Many of the events I am joining are focused on the appalling situation for people in prisons right now and the efforts to try to counter that, as well as conversations that highlight the dire situation of artists due to the precarity of their income sources. There is much work to be done on the part of cultural institutions to commit to getting artists and our cultural community back on their feet after this crisis.

Meanwhile, at PS1 we have launched a series of Instagram takeovers called “Care Package” with artists who are involved in mutual aid, offering them PS1’s digital platform to share their important work and generate support.

Have you taken up any new hobbies?

I wish! But I have just decided to try my hand at growing tomatoes and some herbs, so check back soon to see if I have green fingers…

MoMA PS1. Image courtesy of MoMA PS1.

MoMA PS1. Photo courtesy of MoMA PS1.

What is the first place you want to travel to once this is over?

Apart from getting back to PS1 again—which is top of my list—I keep wanting to go back to Mexico City to see friends. I also want to go Ho Chi Minh City, where I have never been. This period has given me the resolve to make sure I finally go to see a dear friend who lives there.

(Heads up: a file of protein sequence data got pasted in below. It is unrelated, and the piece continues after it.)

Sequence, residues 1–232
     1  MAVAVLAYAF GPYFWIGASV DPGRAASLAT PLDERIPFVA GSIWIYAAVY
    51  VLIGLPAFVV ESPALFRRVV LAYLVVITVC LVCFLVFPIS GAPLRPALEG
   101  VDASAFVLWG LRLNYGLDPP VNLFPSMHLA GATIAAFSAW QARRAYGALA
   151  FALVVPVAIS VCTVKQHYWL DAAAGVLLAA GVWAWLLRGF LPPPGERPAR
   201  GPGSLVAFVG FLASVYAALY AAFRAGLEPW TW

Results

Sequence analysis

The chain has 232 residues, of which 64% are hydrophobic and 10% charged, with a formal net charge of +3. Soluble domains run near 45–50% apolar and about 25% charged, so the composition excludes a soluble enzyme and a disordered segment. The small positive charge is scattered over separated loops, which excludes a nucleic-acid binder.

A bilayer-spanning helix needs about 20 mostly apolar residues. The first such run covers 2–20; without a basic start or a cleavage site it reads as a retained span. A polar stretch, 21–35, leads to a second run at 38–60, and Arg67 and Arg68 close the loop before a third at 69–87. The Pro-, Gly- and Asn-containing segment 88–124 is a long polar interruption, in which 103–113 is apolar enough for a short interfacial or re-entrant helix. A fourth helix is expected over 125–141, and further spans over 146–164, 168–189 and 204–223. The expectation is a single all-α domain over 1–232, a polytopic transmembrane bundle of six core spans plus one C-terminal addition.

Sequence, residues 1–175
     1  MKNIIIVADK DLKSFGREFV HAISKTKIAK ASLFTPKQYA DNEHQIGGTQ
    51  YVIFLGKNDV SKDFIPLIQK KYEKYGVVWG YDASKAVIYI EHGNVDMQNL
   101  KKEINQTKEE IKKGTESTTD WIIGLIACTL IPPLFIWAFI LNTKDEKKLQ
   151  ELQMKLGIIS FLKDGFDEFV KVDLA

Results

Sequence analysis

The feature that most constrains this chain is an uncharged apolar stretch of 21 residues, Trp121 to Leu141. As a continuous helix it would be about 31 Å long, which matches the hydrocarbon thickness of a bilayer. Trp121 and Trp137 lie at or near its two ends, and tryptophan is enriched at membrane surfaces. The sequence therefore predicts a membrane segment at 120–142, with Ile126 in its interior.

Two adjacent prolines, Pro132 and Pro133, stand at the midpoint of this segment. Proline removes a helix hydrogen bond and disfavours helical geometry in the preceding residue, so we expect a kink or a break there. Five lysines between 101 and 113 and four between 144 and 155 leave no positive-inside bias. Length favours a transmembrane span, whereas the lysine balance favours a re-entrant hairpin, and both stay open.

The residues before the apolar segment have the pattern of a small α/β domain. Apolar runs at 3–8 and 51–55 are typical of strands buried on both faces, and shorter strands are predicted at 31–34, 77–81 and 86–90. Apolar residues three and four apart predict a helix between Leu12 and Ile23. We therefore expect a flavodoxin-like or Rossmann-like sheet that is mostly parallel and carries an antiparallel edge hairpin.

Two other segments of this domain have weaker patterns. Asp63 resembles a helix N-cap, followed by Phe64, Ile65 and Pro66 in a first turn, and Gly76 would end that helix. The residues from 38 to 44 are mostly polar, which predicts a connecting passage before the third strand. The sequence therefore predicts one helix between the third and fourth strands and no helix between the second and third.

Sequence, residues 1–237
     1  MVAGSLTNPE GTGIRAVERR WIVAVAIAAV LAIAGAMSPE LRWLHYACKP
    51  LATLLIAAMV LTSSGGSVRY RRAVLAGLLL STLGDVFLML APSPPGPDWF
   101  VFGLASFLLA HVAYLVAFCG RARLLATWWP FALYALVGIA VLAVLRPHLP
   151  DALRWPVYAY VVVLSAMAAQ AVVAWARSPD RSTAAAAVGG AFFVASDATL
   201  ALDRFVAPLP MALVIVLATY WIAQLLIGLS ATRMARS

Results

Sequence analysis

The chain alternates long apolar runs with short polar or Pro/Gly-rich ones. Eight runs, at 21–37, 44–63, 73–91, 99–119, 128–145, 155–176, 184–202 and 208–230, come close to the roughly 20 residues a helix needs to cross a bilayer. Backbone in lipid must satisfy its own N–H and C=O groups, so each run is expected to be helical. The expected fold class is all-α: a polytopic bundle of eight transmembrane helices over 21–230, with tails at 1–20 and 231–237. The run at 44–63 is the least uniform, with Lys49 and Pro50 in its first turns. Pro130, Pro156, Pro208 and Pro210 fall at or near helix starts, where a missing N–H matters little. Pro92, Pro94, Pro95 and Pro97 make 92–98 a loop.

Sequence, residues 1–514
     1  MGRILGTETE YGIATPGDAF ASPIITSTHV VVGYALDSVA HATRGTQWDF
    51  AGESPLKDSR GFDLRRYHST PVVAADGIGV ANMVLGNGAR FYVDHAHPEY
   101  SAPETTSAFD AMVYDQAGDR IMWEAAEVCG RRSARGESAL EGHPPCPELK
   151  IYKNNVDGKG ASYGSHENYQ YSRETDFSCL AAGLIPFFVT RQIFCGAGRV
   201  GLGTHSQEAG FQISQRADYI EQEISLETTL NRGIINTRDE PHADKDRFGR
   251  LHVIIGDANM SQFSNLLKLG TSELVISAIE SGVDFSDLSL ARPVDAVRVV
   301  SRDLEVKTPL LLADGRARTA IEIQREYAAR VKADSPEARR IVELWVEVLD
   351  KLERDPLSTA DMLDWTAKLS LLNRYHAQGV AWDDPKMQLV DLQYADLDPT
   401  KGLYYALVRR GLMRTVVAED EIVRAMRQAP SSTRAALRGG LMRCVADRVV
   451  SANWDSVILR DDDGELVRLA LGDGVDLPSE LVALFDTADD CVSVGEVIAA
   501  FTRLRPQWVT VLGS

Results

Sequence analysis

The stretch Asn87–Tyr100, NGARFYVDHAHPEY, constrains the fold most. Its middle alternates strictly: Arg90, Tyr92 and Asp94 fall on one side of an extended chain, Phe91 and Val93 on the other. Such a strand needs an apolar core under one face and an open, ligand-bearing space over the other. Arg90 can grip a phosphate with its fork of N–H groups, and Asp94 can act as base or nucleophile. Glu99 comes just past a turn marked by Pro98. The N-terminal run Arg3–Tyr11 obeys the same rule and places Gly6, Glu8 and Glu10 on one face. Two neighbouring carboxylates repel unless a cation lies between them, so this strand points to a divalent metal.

As someone with folks who I count as near and dear living all over the world, I really want to think hard about what new forms international connectivity can take. Nothing beats experiencing time together with people in the places that they live and work to build meaningful relationships.

This global pandemic has made it clear how urgent it is for us to develop productive ways to share and learn from the multitudinous perspectives that impact our interdependent world if we want to change our status quo. The racism and xenophobia we are experiencing now just has to stop.


If you are feeling stuck while self-isolating, what’s your best method for getting un-stuck?

Going for a run.


What was the last TV show, movie, or YouTube video you watched?

Matt Wolf’s new film, Spaceship Earth, which has just been released on YouTube and a number of other digital platforms. It is the best thing I’ve seen during COVID; it’s full of the kind of contradictions that are so pertinent now.


If you could have one famous work of art with you, what would it be?

Kazimir Malevich’s Black Square.

Kazimir Malevich, Black Square (1915).

Kazimir Malevich, Black Square (1915). Courtesy of the State Tretyakov Gallery, Moscow.


Favorite recipe to cook at home?

I just got a new favorite, thanks to [MoMA PS1 chef and restaurant owner] Mina Stone’s new series “Cooking with Artists.” She interviewed Anicka Yi and got her delicious recipe for lemon pasta. Check out the recipe here.


What are you most looking forward to doing once social distancing has been lifted? 

Spending time with friends. I really miss Brooklyn nights cooking together and moving in and out of conversations with the fluidity that shared time and space allow. Some things just can’t be replicated online.